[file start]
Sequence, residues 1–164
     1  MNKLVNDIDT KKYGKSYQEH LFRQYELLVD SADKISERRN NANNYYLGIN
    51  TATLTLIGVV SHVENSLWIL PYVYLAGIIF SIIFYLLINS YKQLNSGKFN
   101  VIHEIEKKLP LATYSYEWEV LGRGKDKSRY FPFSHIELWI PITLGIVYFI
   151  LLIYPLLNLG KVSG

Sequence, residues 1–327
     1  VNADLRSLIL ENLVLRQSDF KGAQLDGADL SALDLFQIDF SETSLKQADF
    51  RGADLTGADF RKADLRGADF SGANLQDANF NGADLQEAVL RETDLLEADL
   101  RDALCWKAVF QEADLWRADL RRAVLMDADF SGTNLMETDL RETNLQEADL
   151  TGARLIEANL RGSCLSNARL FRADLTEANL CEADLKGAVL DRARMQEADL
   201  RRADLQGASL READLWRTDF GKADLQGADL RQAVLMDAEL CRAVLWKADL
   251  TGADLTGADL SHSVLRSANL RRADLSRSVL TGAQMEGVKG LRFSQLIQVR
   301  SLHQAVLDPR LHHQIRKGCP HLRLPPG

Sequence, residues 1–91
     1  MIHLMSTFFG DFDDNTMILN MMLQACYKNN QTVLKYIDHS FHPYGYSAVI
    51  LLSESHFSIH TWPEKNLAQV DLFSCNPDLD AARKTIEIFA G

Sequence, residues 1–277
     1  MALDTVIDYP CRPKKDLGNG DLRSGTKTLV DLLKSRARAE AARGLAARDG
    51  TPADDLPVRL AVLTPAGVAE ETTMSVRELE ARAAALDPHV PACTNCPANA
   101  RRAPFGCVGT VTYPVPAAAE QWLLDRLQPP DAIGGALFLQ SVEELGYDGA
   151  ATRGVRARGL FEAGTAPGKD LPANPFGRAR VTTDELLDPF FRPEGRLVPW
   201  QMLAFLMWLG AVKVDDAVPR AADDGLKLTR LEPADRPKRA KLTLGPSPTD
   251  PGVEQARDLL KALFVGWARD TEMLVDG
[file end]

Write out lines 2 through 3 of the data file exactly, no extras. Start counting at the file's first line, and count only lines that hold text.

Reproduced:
     1  MNKLVNDIDT KKYGKSYQEH LFRQYELLVD SADKISERRN NANNYYLGIN
    51  TATLTLIGVV SHVENSLWIL PYVYLAGIIF SIIFYLLINS YKQLNSGKFN